Architecture critic Reyner Banham once wrote, “The language of design, architecture and urbanism in Los Angeles is the language of movement. Mobility outweighs monumentality there to a unique degree.” If you buy that argument, it would follow that our freeways and freeway interchanges should be considered among our greatest landmarks. Take for example the carpool lane of the Judge Harry Pregerson Interchange, which connects the 110 and the 105: More than 130 feet high, it offers drivers a breathtaking view of sprawling, almost oppressively flat South Los Angeles, albeit one that must be viewed quickly to avoid careening off the side. The interchange is named for the New Deal–style, 90-year-old, still-serving activist judge who forced Caltrans into providing housing, jobs and other services to those living in the shadow of the 105, the last freeway built in L.A. Unfortunately, this majestic byway is now a toll lane, which means you need a special transponder from Metro to ride it. —Hillel Aron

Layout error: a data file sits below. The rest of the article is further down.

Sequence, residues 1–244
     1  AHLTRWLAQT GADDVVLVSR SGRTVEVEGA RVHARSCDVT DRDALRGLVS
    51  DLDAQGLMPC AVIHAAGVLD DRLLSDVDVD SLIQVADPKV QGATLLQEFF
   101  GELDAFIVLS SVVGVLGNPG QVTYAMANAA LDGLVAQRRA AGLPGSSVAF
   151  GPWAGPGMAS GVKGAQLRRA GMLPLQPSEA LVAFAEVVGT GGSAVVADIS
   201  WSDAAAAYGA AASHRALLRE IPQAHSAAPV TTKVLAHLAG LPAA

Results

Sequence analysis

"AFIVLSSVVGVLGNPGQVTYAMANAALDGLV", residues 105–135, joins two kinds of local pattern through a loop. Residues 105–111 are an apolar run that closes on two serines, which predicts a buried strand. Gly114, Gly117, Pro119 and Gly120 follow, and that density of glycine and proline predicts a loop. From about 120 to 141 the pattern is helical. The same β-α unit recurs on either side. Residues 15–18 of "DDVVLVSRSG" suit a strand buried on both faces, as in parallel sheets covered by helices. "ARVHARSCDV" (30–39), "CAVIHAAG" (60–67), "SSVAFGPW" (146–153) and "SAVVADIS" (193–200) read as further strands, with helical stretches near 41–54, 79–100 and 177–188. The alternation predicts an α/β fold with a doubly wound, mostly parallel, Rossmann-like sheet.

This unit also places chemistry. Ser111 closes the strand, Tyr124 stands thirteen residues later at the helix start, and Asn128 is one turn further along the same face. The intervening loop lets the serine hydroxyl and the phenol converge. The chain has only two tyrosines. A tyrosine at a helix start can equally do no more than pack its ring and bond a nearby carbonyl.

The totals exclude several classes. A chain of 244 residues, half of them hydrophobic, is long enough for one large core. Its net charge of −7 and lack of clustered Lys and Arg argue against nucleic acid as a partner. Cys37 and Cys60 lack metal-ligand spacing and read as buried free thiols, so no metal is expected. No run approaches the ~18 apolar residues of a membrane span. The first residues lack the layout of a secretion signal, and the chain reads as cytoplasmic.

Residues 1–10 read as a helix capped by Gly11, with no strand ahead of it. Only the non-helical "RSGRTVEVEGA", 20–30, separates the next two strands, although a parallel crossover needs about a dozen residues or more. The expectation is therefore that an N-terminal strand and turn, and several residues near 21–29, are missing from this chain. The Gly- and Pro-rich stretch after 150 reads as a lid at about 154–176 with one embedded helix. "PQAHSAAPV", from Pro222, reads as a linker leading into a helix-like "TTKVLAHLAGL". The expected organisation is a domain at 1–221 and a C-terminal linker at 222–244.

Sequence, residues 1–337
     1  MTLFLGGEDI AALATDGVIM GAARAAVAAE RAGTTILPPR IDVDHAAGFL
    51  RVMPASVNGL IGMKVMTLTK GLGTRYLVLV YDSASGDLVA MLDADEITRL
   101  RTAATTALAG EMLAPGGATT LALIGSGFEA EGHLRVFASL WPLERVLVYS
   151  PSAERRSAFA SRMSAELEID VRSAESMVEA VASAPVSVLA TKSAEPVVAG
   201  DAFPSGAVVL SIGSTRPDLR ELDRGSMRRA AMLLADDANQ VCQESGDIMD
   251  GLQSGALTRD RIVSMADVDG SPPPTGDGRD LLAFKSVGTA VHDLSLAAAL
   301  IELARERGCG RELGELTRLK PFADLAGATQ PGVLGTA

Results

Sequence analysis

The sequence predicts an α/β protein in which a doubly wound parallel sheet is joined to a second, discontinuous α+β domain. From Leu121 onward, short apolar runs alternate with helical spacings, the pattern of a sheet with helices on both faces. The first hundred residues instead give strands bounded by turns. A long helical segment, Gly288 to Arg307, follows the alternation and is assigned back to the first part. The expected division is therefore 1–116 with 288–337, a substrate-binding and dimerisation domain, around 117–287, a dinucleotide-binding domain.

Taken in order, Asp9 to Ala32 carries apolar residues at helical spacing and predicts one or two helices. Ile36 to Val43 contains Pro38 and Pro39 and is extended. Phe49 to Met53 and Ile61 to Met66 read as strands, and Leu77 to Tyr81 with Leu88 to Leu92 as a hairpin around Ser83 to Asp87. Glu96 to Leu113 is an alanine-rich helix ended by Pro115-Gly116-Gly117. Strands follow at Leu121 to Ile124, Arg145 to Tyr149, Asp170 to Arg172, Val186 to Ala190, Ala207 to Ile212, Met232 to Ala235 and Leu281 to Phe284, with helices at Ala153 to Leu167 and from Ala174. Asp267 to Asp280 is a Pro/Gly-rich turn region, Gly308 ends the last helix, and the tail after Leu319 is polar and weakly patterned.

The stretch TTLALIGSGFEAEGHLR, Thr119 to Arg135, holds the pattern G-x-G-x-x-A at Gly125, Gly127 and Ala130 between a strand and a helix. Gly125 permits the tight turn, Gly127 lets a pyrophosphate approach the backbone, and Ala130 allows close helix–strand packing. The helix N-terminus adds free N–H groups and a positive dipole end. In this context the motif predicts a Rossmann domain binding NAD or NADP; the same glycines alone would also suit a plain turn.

Express lane of the 110 and 105 interchange, South L.A., 90061.

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